In a glass reaction vessel was placed 200 grams of styrene-maleic anhydride copolymer and 500 ml of xylene. This was heated to 70 solution. Then 34 grams of 2-ethylhexyl amine was added slowly at 70 5 hours with vigorous agitation. After completing the reaction, the mixture was cooled to 60 xylene. This slurry was added to 2 liters of isopropanol to form a sticky waxy mass which was separated from IPA by filtration and dried at 50 maleimide of 2-ethylhexyl amine.
In a glass reaction vessel was placed 86 grams of styrene-maleic imide of 2-ethylhexyl amine prepared above and 530 ml of ethylene dichloride and 11.3 grams of antimony trichloride. A solution of 222 grams of Br-Cl in 200 ml of ethylene dichloride was added slowly at room temperature over a 1 hour period with vigorous agitation. Following this, the reaction mixture was stirred for an additional 4 hours and then washed twice with 200 ml portions of water followed with 2-200 ml portions of 5% aqueous caustic and finally four times with 200 ml portions of water to a neutral pH. The solution of product was added slowly to 2 liters of isopropanol to precipitate product which was sticky and off-white in color. After filtration and isopropanol wash, the product was dried in a vacuum oven at 50 bromine.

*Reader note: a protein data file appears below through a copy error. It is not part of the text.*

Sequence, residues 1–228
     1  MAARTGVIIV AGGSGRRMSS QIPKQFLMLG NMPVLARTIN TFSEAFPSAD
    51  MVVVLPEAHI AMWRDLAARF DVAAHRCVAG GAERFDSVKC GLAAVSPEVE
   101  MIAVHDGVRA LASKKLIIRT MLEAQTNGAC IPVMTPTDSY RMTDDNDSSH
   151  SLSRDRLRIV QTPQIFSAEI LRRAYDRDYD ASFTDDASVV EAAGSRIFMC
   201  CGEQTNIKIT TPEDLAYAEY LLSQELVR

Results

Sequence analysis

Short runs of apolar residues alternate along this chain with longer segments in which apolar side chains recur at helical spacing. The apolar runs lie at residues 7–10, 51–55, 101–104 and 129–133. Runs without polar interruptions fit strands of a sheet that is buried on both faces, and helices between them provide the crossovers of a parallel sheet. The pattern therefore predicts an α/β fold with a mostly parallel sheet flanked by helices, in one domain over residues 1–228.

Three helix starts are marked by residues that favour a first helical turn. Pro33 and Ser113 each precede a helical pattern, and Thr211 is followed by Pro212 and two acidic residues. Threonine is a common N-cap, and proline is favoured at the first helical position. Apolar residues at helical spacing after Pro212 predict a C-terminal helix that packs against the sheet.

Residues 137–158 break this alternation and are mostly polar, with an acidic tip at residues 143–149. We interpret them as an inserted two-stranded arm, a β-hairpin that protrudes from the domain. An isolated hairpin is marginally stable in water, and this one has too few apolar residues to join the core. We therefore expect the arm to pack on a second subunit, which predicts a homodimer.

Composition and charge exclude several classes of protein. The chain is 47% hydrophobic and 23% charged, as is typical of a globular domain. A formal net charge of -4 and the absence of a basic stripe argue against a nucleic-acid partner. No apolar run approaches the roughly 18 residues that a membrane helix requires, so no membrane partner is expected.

The novel fire retardants can be used in a broad range of organic materials that would normally burn in air. These include paper and paper products, wood and wood products such as plywood. They may also be used to treat combustible insulation such as cellulosic insulation.